In other NBC news, the network has announced plans to commemorate the 25th anniversary of Elvis Presley's death with a special called Elvis Lives. Musical artists such as Britney Spears, No Doubt, Sheryl Crow, Bono and others will be on hand to help celebrate during the hourlong show, which is set to air sometime later this year.
American Idol's "Mr. Runner-Up" Justin Guarini has signed a recording deal with 19 Recordings Ltd. in England, which is in turn licensing the singer's solo career to RCA in the United States. "We look forward to working with Justin to nurture his talent and help him build a recording career at RCA," RCA Music Group chairman Bob Jamieson told Reuters.
What would the supermarket tabloids do without Whitney and Bobby? The National Enquirer's ace investigative reporters have gone to great lengths to obtain exclusive photos of the R&B power couple’s alleged "drug den," a hotel suite the pair rented for two days (while their daughter stayed in an adjacent suite).
And here’s what the Enquirer reportedly found: remnants of marijuana, rolling papers, an empty Jack Daniels bottle, 16 empty Budweiser bottles, baking soda and a spoon.
After which, the Enquirer explained the process involved in freebasing cocaine (the implication being ... well, you get the drift).
And, for readers who don't like to read, the tabloid has conveniently captured the alleged drug den artifacts in one color photo, displayed prominently in the article.
Had enough? If not, here's our Tabloid Top 10 for the week of Aug. 22-28:
1. "Natalie Cole Shocker: I Sold My Body to Buy Drugs" (Enquirer, p. 8) So says one "insider" who has read the advance manuscript to the singer’s autobiography "Angel Dust," er, that's "Angel on my Shoulder."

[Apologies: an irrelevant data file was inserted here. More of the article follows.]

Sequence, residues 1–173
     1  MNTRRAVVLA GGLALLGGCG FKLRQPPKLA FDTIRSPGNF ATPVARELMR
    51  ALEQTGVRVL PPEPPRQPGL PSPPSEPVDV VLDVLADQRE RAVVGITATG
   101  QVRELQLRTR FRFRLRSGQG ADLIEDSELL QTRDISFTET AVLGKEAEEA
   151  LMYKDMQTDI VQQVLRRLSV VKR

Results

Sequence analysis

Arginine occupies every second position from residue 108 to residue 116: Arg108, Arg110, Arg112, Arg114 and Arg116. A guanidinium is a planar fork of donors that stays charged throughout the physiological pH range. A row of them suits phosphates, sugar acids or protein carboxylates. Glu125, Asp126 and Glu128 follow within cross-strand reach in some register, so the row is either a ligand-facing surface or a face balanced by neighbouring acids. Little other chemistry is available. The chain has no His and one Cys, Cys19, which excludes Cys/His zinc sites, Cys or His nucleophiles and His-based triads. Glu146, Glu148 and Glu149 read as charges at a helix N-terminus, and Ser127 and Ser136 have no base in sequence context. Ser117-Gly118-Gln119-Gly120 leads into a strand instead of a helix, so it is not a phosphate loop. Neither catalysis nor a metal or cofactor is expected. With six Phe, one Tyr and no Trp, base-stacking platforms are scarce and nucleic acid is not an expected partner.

2. "Ted Kennedy Followed Me to the Bathroom!" (Star, p. 24) Teddy Kennedy reportedly was so "smitten" with a 23-year-old ex-intern that she had to "lock herself in the ladies' restroom to get away from him." There are photos of a portly Ted, the buxom ex-intern and a panoramic shot of the White House.
3. "I Delivered My Own baby -- By C-Section" (Enquirer, p. 18) No, we are not talking about Madonna, but an Oldham, England, woman who performed the headline deed in what the tab christened "the first do-it-yourself Cesarean section."
4. "'Empty Nest' Star's Brave Last Days" (Enquirer, p. 29) Sexagenarian sitcom actor Richard Mulligan is reportedly dying of colon cancer, and his porn star wife is nowhere in sight. Nothing funny here, but it's cool to see that ol' Bert from "Soap" is still kicking.
5. "Lost Continent of Atlantis Found 1,200 Feet Below Antarctica" (Weekly World News, p. 15) We picked this one for the artist's illustration, which looks exactly like the buried city of Pompeii, only covered in snow. Very imaginative, guys.
6. "Seer Says the Winner Is ... Rudy! Rudy! Rudy!" And so does half of the free world who watches "Survivor."
Gallagher 7. "Gallagher Gets Last Laugh As He Smashes Look-Alike Brother's Career" (Enquirer, p. 1.) The watermelon-smashing guy uses the law to stop his younger bro from stealing his signature schtick. Note the eerie similarity between this story and the "Simpsons" episode where Sideshow Bob’s younger brother, Cecil, tried to take over his act on the "Krusty the Clown Show."
8. "Ever Feel Like Running Over Somebody?" (Weekly World News, p. 33) "Well, you can mow down pedestrians like flies in Brazil, and not a damn thing will happen to you!" Yeah, but gas costs $27 a gallon there.
9. "Sleeping on the Job Is Good For You" (Weekly World News, p. 11) We knew that.
10. "Revealed! Secrets of Real Mrs. Robinson" (Globe, p. 64) "The Graduate" author Charles Webb reportedly said that the diva character is based on his prep school teacher. Except for the fact tat his teacher looks like an old school marm, while Anne Bancroft was hot.
Hollywood.com's Tabloid Top 10 is a weekly rundown of the best, worst and weirdest from America's supermarket journalism.
Could Madonna be digging out that white lacy wedding gown from her "Like a Virgin" days anytime soon?
Maybe. The pop diva reportedly told Britain's Mirror that marriage "may lie in the future" for she and her boyfriend, director Guy Ritchie ("Lock, Stock and Two Smoking Barrels").